Travel: Wave goodbye to stress on a Caribbean cruise
Published 17/02/2014 | 02:30
'Enjoy it while you can, there won't be time for that sort of thing of thing soon," a friend pronounced, when I told him I was soon to embark on a Caribbean cruise. It's the kind of thing people with kids regularly say to those without. Normally, it would be in one ear and out the other. As it happened, unbeknownst to said friend, I was actually pregnant. And it had already occurred to me that flying halfway around the world in search of some winter sun was probably not the sort of holiday I would be attempting with a small child in tow.
A cruise, however, is exactly the sort of holiday one should attempt when pregnant. Even the constant onboard activities are run at a gentle pace – cooking demonstrations, hair styling tutorials, ballroom dancing. And if you are feeling exhausted, there's zero guilt if you want to while away an afternoon by finding a quiet spot on deck and spending a few quality hours with your book. And of course there's the food. Cruises are legendary for their culinary choices – just the sort of environment perfectly suited to an appetite suffering from all day morning sickness.
I had been on a cruise before, but a river cruise, where our boat was a mere minnow compared to this ship. The Celebrity Reflection, the newest in the Celebrity Cruise Fleet, carries over 3,000 passengers and over 1,000 staff. This includes several suites (the Reflection suite is 1,636 square feet), a spa, an art studio, a conference centre, a lawn club (real grass on deck) that offers bowling, a casino, a gym, private on-deck alcoves where one can chill out, a solarium, a shopping alley (Bulgari, Michael Kors, lots of watches), an ilounge, a theatre, a reading area, an observation lounge, a fun factory for kids, and 12 dining venues.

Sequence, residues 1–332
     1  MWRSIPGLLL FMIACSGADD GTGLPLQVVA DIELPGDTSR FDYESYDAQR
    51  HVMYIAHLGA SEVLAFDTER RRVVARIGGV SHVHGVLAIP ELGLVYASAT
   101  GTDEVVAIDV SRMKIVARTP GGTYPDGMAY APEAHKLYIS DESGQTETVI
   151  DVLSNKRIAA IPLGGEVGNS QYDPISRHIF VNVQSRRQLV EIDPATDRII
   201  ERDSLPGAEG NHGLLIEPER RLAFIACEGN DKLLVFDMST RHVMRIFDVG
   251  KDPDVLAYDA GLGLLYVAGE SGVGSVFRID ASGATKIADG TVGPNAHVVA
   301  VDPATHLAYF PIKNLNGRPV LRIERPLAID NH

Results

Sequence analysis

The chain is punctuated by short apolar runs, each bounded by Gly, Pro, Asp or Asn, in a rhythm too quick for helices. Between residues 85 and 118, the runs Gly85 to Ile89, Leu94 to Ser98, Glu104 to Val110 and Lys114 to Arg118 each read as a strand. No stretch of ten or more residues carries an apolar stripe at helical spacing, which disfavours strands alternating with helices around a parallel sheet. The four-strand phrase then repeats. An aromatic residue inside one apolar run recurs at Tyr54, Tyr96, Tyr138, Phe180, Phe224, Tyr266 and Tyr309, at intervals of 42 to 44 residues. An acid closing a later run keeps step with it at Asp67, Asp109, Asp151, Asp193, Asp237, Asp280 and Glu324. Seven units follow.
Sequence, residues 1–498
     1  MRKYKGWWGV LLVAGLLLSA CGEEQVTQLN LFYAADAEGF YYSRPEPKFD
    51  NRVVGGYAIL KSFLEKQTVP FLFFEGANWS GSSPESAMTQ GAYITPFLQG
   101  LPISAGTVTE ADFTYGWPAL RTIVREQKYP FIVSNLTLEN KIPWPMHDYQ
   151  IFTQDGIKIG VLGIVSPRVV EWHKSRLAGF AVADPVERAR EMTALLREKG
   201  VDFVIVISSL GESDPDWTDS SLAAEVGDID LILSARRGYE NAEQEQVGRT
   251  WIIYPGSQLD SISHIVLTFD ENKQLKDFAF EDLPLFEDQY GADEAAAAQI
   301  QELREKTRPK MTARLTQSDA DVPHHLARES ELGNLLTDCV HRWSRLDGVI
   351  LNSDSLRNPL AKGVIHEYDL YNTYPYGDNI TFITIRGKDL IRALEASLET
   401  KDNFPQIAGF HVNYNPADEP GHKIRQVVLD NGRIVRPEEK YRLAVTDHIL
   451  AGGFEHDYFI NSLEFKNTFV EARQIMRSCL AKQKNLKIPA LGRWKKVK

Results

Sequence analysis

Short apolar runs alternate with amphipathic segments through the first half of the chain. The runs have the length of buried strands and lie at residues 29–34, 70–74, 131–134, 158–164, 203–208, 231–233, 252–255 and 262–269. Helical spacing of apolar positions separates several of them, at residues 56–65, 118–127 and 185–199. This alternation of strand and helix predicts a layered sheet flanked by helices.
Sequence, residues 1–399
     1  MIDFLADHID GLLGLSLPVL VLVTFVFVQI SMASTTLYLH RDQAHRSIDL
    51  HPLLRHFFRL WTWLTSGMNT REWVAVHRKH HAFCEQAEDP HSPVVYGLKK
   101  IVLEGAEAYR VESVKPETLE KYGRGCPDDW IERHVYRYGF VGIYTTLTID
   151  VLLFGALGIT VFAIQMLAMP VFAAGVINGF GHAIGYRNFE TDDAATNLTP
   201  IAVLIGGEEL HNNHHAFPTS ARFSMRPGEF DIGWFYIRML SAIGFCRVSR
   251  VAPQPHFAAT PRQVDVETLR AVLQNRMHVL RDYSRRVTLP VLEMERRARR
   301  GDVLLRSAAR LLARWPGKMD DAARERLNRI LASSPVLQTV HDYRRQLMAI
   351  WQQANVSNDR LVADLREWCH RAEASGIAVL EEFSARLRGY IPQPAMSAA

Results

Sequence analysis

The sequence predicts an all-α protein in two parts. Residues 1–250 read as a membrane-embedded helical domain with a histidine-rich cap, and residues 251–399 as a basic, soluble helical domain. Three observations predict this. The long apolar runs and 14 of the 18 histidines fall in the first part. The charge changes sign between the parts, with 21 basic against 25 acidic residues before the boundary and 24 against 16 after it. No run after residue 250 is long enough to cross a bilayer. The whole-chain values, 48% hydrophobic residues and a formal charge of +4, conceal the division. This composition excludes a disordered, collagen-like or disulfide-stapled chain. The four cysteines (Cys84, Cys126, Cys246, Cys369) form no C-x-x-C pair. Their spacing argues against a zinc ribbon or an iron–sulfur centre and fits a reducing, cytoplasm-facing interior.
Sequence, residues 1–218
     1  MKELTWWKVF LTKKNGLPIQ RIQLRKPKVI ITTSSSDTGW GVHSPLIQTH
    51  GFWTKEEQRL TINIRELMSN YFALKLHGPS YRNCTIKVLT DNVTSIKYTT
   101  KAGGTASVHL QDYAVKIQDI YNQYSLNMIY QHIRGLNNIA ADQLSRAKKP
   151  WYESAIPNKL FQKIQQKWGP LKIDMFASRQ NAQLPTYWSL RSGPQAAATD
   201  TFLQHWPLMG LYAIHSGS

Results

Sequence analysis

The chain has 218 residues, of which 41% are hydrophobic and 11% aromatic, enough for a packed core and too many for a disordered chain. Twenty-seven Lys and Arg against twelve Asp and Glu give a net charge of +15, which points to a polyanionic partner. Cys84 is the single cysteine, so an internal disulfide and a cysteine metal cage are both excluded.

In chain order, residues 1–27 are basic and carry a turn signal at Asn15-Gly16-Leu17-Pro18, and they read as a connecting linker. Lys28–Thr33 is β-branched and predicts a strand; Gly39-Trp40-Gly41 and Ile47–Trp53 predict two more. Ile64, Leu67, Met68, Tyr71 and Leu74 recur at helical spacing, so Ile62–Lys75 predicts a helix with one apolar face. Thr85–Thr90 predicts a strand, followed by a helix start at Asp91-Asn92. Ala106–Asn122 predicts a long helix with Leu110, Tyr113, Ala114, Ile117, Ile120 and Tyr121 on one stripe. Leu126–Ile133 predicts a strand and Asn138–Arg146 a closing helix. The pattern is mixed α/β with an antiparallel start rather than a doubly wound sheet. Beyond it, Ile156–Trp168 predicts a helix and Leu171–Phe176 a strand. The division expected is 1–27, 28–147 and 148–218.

We tended to start the day lazily, by breakfasting on our balcony. If there is one piece of advice I could offer when booking your cruise, it is to try and stretch to a cabin with a balcony. There is no nicer way to start the day than sitting on your balcony watching the ocean go by, or taking in whatever port you had woken up in.
I'm also told any sea sickness is far worse in a windowless cabin. Ours was a balcony stateroom, spacious, with a large double bed, a couch and coffee table area, and a roomy bathroom. Our balcony had a table that could have comfortably seated four.
Our ship left Miami on Saturday afternoon, with two days at sea before our first port. Exploring the ship alone provides a good half day's entertainment, so day one was spent mostly pottering, and then getting ready for dinner in the Opus restaurant. It can be hard to prejudge, and, therefore, pack for a cruise's dress code. We had been warned that any sort of beachwear, particularly flip flops, was strictly forbidden at dinner. In fact, we saw everything from shorts, T-shirts and sandals, to cocktail wear.
The Opus, which is the ship's main dining room, is a pleasingly luxurious old-style dining room. It reminded us of the location in the opening scenes of Indiana Jones Temple of Doom, with a mezzanine overlooking the main floor, a cream and white decor scheme, lots of chandeliers, and tables for all size groups – so you won't be forced to sit with strangers for the duration of your stay, a risk on some cruises. The menu was fairly classic and included steak, salmon and pasta.